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Int. J. Adv. Res. 4(10), 1974-1981

cancer onset and progression [Chang et al., 2006; Hodges-Gallagher et al., 2008]. Nevertheless, up to 75% of
invasive breast cancers have been shown to express ER beta, depending on the method used for its detection [Skliris
et al., 2001; Fuqua et al., 2003].
The estrogen receptor alpha and beta encoded by estrogen receptor genes located on 6q and 14q respectively
[Ascenzi et al., 2006]. Single nucleotide polymorphisms (SNPs) in specific candidate genes are thought to influence
expression and/or activity of encoding proteins thereby predisposing to cancer, especially breast cancer [Siddig et
al., 2008]. Importantly, the presence of mutations or SNPs in any of the estrogen receptors may have a serious effect
on the production of estrogen and it subsequently would effect on the growth of cancer [Abbasi et al., 2012]. This
study was aimed to determine the SNPs in exon 3 and 7 of estrogen receptor beta (ESR2) gene in Iraqi women with
breast cancer.

Materials and Methods:Sample Collection:Different samples (blood, frozen tissue and blood from the same patients, and formalin fixed paraffin embedded)
were collected from 50 women, diagnosed and pathologically confirmed with breast cancer, with mean age 55.00 ±
10 years attended to different hospitals in Bagdad from 1 st of April to 1st of September 2014. 24 of 50 samples
recorded with estrogen receptor positive used in this study for detection of mutations in estrogen receptor beta.
Besides, 10 samples of blood from healthy women with median age 45 years were included in this study as control.
Those women had no history of breast cancer or any other neoplastic diseases, had no hysterectomy and artificial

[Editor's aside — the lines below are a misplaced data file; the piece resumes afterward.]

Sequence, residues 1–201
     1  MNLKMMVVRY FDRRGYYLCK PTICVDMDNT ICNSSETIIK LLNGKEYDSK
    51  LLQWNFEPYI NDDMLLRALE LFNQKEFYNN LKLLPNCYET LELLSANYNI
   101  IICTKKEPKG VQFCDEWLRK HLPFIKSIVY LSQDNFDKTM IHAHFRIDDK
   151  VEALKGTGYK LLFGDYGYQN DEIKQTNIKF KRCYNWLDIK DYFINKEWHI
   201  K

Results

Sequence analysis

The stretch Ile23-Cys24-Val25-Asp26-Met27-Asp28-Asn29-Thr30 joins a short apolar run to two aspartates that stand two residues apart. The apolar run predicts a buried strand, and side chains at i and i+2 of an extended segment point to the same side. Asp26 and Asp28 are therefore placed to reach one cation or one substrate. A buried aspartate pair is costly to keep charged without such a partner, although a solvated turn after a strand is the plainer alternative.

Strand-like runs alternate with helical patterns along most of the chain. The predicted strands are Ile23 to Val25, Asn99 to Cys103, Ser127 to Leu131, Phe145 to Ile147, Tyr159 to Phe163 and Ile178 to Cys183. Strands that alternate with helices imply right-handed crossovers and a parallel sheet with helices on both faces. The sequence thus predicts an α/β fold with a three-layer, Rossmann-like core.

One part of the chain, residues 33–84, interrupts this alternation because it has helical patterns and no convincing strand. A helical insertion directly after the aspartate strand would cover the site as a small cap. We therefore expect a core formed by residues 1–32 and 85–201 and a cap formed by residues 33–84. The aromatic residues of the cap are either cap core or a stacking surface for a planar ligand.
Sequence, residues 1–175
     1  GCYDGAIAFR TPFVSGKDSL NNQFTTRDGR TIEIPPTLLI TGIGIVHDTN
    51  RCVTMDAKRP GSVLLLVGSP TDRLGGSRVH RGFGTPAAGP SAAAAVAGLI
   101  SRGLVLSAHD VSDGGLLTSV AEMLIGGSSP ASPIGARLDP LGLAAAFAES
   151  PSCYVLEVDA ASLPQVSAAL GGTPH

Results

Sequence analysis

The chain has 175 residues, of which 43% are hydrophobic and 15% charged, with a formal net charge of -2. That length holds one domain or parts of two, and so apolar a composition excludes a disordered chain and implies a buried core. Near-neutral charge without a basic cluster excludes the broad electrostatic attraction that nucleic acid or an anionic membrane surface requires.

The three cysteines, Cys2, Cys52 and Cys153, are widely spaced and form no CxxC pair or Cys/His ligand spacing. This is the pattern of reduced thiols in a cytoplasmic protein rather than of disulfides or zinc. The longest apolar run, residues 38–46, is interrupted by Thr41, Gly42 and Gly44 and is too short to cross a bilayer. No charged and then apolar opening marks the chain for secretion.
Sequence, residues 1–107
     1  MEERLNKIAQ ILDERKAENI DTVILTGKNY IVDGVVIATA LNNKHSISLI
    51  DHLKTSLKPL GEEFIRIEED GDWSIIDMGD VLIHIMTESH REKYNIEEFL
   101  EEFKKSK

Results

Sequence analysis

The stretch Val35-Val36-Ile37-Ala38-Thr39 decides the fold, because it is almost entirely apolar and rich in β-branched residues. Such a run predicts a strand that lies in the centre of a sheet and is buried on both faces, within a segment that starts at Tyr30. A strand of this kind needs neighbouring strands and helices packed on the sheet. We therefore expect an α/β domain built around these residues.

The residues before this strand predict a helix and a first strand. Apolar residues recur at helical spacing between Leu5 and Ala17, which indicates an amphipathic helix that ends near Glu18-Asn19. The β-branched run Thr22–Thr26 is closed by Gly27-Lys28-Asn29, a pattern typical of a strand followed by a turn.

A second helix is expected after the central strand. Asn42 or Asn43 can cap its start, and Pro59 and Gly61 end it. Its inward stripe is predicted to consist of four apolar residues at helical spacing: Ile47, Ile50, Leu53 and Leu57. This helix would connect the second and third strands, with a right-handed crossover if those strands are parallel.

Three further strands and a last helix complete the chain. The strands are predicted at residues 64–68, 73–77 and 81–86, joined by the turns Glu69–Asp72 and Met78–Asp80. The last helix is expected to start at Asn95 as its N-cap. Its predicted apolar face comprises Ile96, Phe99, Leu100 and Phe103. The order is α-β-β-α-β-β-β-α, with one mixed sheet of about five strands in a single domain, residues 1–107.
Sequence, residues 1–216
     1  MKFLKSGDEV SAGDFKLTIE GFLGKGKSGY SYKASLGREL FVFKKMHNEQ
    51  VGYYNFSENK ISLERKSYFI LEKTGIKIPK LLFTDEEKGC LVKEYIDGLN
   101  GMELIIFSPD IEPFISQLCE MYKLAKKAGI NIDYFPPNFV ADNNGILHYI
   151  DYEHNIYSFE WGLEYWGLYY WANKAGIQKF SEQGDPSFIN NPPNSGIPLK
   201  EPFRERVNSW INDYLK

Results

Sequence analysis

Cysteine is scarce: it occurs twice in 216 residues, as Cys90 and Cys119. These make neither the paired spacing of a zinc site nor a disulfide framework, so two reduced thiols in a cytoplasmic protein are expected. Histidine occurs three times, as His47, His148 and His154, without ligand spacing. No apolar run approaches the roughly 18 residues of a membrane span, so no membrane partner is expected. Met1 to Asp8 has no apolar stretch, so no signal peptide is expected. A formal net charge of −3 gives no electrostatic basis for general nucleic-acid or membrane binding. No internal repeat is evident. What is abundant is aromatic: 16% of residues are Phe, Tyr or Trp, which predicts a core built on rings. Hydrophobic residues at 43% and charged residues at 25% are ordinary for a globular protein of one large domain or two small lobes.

menopause, not exposed to any kind of radiation and chemotherapy in their lifetime. The blood samples collected
and stored at -4 ᵒC until use for genotyping analysis.
DNA extraction:The DNA was extracted from different samples (blood, fresh tissue, and formalin fixed paraffin embedded)
collected from patients and healthy groups. From blood samples, the DNA was extracted by using the Reliaprep
blood genomic DNA MiniPrep system (Promega, USA) as described in the manufacturer's procedure. While DNA
from fresh tissue samples was extracted by using Maxwell® 16 Tissue DNA Purification Kit (Promega, USA) and
Maxwell® 16 instruments for automated purification of genomic DNA. In addition, DNA extraction from formalin
fixed paraffin embedded (FFPE) samples was done by using ReliaPrep™ FFPE genomic DNA Miniprep (promega,
USA).
The purity and concentration of extracted DNA from all samples were measured by NanoDrop apparatus. Then, the
quality of DNA purification was determined by using gel-electrophoresis(Sambrok and Russell,2001).
Polymerase Chain Reaction (PCR):The extracted DNA from each sample was used as a template for 20μl PCR reactions. The PCR process was
performed using 10μl Go Taq® Green PCR Master Mix (Promega, USA), 1μl of 10μm from forward primer:
TTGCTCCCTAGAGAGACACTGA and reverse primer: CTTCACACGACCAGACTCCA for exon 3 of ESR beta
and the same value used for forward primer: GATGAGGGGAAATGCGTAGA and reverse primer:
GGCCCAGCTGTGTGATTACT that exon 7 of ESR beta described in [Abbasiet al., 2013], and 3μl of DNA
template. The mixture volume was completed to 20μl by adding free-nuclease water. PCR process was conducted
through 30 cycles with the following steps: denaturation for 30 sec at 95°C, annealing for 30 sec at 57°C and